Split Cycle, based in Queensland, has developed a miniaturised engine which is just as powerful as a normal engine but only the tenth the size. The engine, which the company unveiled in London last week to potential investors, weighs only 30kg and is no larger than a saucepan.
Sir Jack, who in 1964 became the first driver to win a grand prix in a car he designed and built himself, has invested in the project. Now, aged 67, he says: 'I am very excited about it. I went to look at it three years ago and I have not let go of the project since. This engine is here, it is reality. It is not pie in the sky any more.'
The engine was developed by a New Zealander, Rick Mayne, and an Australian, Brian Bambach. Key to the technology is that it does away with the crankshaft - the handle-shaped bar that converts the up and down motion of the piston into the smooth, circular motion of a driveshaft.
The pistons and cylinders are arranged radially. Instead of having connecting rods joined to a crankshaft the pistons lie on and push Geneva wheels - shaped like stars with rounded points. As the piston passes oveEr a bump it rises up in the cylinder until a new explosion driveTHER write errors it down again, turning the Geneva wheel and thereby the central output shaft.
The engine's high torque, which generates the same power from revolving by 15 degrees that a conventional engine would achieve from a full 360- degree cycle, is caused by its odd firing pattern. Two of the cylinders, one on each side, fire at the same time, hence the name 'split cycle'.
Ken Hanson, a financial adviser to the company, says a split cycle engine can generate the same power as a V12 Jaguar engine from 10 per cent of the weight and with 700 fewer parts. This extra power means that a gearbox may not be needed for many applications.
The engine runs on a mixture of petrol and water, though it could function on water and alternative fuels such as natural gas or methane. Exhaust emissions are minimal, making it attractive to the environmental lobby. Vibration is also negligible.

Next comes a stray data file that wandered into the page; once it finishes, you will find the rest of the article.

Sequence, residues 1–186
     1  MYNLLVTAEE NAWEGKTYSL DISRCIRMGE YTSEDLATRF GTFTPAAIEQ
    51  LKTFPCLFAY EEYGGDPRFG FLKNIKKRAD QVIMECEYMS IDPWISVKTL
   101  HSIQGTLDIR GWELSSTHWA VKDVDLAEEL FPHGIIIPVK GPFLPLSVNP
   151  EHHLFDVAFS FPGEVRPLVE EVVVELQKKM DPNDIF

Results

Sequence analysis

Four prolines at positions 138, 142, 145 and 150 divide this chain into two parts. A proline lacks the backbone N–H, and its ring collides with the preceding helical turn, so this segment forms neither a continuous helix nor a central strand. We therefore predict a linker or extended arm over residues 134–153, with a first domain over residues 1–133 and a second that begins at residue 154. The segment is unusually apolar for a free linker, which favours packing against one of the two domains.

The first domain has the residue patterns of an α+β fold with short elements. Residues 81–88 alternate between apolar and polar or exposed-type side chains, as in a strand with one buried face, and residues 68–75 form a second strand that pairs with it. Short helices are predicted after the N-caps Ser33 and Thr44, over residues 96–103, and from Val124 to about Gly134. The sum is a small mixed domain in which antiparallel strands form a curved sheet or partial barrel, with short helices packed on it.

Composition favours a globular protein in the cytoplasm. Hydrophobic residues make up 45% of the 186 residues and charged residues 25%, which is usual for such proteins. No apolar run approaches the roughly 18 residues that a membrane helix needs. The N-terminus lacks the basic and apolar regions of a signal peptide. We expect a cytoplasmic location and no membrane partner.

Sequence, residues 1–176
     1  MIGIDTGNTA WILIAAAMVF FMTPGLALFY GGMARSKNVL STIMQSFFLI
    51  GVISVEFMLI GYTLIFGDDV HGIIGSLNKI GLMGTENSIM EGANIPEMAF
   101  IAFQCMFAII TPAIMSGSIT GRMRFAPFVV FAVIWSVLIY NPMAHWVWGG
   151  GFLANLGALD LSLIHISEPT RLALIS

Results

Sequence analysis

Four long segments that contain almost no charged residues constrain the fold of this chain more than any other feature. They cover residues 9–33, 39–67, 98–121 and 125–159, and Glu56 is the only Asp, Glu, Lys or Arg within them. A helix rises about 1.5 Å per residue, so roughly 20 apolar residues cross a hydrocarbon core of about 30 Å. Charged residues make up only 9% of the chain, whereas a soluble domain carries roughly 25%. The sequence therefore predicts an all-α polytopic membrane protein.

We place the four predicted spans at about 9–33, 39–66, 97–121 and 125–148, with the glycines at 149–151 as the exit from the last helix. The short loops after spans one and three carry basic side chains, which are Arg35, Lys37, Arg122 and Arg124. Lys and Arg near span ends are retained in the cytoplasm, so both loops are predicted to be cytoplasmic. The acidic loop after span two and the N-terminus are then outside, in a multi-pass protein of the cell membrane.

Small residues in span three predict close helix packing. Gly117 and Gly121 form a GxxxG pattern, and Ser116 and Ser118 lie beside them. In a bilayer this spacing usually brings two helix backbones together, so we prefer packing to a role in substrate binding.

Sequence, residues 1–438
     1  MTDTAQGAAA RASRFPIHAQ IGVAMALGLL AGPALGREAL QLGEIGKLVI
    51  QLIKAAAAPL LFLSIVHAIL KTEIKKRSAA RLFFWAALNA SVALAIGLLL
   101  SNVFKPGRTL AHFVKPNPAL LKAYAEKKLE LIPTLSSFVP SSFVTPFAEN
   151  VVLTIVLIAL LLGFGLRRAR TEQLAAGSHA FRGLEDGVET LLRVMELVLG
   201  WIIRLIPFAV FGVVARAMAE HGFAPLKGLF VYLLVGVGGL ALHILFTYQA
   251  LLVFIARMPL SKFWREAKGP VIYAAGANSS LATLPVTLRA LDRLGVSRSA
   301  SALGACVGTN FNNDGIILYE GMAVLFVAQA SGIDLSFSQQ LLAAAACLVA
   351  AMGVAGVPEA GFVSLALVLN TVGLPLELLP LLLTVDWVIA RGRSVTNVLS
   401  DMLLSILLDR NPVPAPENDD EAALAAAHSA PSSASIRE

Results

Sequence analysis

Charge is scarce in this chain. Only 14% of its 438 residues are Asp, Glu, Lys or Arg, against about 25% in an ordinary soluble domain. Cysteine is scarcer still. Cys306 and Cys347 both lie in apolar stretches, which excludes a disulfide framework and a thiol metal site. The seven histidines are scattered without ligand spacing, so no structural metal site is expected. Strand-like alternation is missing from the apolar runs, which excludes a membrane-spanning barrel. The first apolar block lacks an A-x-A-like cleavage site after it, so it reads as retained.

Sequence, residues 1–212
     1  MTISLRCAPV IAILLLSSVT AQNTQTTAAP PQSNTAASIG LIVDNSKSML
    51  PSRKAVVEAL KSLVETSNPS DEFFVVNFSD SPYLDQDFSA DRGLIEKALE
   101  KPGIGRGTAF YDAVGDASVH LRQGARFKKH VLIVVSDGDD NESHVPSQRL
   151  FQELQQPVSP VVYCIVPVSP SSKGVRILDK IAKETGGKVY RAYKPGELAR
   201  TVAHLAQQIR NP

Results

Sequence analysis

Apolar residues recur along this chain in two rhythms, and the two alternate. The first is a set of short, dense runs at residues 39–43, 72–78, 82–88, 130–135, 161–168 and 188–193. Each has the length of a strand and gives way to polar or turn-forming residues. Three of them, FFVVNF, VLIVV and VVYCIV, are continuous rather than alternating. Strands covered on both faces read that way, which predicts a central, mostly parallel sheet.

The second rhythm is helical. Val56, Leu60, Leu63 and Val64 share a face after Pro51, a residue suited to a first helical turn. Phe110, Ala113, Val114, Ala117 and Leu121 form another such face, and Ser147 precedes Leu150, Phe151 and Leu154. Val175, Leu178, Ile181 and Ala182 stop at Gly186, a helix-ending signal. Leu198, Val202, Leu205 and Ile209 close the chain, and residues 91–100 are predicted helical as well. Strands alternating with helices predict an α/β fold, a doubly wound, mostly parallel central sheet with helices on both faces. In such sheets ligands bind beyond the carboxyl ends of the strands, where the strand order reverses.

On top of all that, the engine has not needed any oil in the tests to date. 'We are not saying it will never need any, but we haven't used any so far,' says Mr Bambach.
The engine cost dollars A1m ( pounds 446,000) to develop and a further dollars A2m has been spent on protecting the engine through worldwide patents. 'A lot of the early money came from mums and dads,' says Mr Bambach, who, together with Mr Mayne, sold the technology to Split Cycle in 1988.
But is the engine likely to hit the market, or is it just another boffin's dream? Split Cycle took a step in what it perceives to be the right direction last week when it signed a Adollars 72m deal with a Slovakian company to produce the engine. Mr Bambach had hawked his brainchild around major European and American car manufacturers but could generate little interest.
But, despite its backers' obvious enthusiasm, the engine faces tough opposition. The Orbital Engine Company of Australia is further ahead with its fuel-injected two-stroke engine - usually associated with lawnmowers. It is small and light and has low emissions, but there are question marks over its durability and whether it can be produced in volume. But Ford has bought the licence for it in Europe.
Whether this new pocket dynamo of an engine will do for the motor industry what the silicon chip did for the computer, as the company claims, is open to question. Sir Jack, who is lending his name to the project rather than taking an executive role, certainly seems pleased with it.
How much faster might the three times world champion have sped with such an engine on board? 'It wouldn't have complied with the regulations,' he says flatly.
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